The origins of the early Methodist classes are not known for sure. There is some evidence that the organization into small groups may have been modeled after the original holy club which John Wesley and other pious undergraduates instituted at Oxford University. Other evidence suggests that the Methodist classes began in Bristol, England as a means to solve the pressing problems of finance and control.
The class arrangement was ideal for instructing and keeping tabs on members. An important side benefit was that the church gained strong leaders.
As long as the early membership was a homogeneous group of English working class families, the class system prospered, but as the congregations became less homogeneous, and non English names began to appear on the rolls, and as the members prospered and economic conditions improved, members were not inclined to accept the close supervision imposed by the less than democratic system . By the late 1850's, the class system of oversight by one's peers had become intolerable to many and as a result the class system declined rapidly.
While it was in use, the class system proved effective in keeping the congregation a close-knit society, but times change and the church had to change as well. Now, more responsibility for the spiritual welfare of the congregation rests with the pastor.
It is interesting to note that the original church building of 1820 would only serve the congregation for 43 years. Another interesting fact is that the new edifice would be built in the middle years of the civil war when surely New Castle as well as the rest of the nation was experiencing the hardships of war.
Once again drawing on the account of Reverend F.X. Moore in the 1910 directory, two factors figured prominently in the decision to build a new church: "the original meeting house was the scene of many manifestations of divine power. In the year 1837, during the pastorate of Pennel Coombe the church enjoyed a wonderful revival, which added greatly to the strength of the church ..."
The second factor came as the result of the Tasker Iron Works being established near the town which brought in many workers. Thomas Tasker, president of the iron works, was a staunch Methodist and a eloquent local preacher. His interest and financial support made it possible to erect the main building of the present church in 1863.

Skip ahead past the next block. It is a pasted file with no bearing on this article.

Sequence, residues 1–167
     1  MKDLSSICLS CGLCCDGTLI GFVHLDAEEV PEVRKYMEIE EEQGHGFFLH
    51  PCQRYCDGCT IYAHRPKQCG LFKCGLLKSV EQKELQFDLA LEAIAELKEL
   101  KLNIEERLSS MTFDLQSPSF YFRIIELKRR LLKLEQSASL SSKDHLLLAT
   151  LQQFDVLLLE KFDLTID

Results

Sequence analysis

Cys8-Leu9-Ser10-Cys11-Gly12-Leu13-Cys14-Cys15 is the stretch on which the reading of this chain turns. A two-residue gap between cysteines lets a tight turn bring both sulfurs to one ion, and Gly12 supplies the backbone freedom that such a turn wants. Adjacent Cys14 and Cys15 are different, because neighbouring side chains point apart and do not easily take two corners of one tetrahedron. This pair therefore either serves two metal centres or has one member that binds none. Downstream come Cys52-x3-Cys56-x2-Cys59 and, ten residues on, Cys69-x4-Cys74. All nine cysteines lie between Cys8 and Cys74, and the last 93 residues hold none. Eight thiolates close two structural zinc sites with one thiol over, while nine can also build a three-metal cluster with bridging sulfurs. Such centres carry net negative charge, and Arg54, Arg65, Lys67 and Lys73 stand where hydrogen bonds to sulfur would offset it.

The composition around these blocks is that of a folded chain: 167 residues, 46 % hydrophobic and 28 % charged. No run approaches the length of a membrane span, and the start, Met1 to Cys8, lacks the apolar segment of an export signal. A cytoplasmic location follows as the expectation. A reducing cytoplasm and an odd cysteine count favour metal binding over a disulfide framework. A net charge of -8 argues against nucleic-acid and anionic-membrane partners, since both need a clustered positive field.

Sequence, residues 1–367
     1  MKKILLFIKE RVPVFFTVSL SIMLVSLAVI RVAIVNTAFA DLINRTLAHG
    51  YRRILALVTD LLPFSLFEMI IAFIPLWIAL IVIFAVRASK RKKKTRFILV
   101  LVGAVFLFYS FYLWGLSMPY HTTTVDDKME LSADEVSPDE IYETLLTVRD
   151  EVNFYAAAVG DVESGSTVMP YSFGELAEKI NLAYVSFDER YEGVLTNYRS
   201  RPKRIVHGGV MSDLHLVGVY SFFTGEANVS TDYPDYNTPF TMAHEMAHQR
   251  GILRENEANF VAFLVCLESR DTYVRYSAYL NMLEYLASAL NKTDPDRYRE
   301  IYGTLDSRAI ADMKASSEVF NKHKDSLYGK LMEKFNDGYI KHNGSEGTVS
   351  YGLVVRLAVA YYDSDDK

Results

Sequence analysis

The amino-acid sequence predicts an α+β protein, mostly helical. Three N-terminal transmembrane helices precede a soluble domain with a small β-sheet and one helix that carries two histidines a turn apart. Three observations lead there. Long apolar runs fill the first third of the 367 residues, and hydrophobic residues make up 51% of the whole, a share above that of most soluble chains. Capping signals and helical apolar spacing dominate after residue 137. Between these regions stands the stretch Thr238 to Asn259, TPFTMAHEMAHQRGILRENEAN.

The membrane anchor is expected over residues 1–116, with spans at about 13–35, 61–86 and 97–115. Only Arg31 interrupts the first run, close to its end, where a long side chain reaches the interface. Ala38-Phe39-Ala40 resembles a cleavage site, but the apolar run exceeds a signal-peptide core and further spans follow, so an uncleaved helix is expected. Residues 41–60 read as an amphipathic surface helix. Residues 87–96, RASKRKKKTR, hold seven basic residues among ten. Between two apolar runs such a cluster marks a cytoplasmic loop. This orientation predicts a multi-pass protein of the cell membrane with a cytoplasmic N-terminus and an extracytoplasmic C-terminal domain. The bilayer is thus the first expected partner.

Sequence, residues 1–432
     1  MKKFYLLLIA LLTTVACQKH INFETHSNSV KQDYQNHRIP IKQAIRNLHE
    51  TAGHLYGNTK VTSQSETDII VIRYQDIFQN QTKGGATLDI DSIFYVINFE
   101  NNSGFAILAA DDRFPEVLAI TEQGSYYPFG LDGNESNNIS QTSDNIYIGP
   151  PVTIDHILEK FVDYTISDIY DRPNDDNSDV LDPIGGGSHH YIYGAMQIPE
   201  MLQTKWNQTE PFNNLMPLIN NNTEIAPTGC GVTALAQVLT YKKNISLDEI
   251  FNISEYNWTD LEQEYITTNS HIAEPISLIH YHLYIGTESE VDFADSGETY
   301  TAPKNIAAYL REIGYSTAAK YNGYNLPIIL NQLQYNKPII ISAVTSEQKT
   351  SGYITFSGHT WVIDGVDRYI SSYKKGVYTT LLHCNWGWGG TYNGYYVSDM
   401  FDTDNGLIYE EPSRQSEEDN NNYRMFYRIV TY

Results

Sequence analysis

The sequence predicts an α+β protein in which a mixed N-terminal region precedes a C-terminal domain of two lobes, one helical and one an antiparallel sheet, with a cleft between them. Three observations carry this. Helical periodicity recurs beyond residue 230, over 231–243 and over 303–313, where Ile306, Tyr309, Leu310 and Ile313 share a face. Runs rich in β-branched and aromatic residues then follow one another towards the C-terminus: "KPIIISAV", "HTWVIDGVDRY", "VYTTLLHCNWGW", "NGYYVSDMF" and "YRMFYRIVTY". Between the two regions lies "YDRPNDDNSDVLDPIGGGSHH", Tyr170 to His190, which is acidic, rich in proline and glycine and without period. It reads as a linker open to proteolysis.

At that time the name Nazareth was dropped and the new church was dedicated as New Castle Methodist Episcopal Church. Rev. M.H. Sisty was preacher in charge at the time of the building of the new church and according to the official records " proved to be a leader whose untiring efforts helped greatly to make the project a success."
One account states that the bricks from the original building were saved and cleaned by the Sunday school boys for use in the construction of the new church. If that is so, then we still have a part of the original church with us in fact, not just in spirit.
In 1876, the Sunday school building was erected across the rear of the church. . Then in 1883, during the pastorate of Rev. N.M. Brown, it was decided that the church should build a parsonage at 523 Delaware street (across the street from the church) rather than continue to pay rent for a home for the pastor .
Again from the 1910 directory, "it would not be at all surprising in, within a few years, the church should own a more modern parsonage! Erected on a larger plot of ground, where The preacher might have an opportunity to exercise himself by use of lawn mower and hoe."
It took 84 years for this prediction to come true, and on October 8,1967, ground was broken for a new parsonage at the corner of Sixth and Tremont streets. However, as to the second part of the prediction, only the pastor can supply the answer.
Over the years other improvements and additions have been made to our physical plant to enable the work of the church to continue. Between the years 1887 - 1890, several major improvements were completed. The beautiful stained glass windows were installed and the circular pews that we still have were added. The pipe organ that was installed in the same time period was replaced with an electronic organ in 1981, which was recently replaced with a new state-of-the-art instrument.
In 1954 - 1956, the fellowship hall was added and a downstairs Sunday school room was renovated and made into a lounge. A kitchen, church office and rest rooms were added. The church purchased and removed a small house on Delaware street next to the church which allowed for the construction of a walkway to and access to the office and lounge areas.
Recent improvements have added to our comfort and safety; these include air conditioning, a new roof, upgraded sound system and new wiring.
What does the future hold for the faithful worshippers at New Castle United Methodist church? We owe so much to those earlier members who had the vision and zeal to begin a church in what was a very hostile environment, but they persevered and their visions prevailed. Can we do less for the generations that are still to come?
Helen Hoagland, Church Historian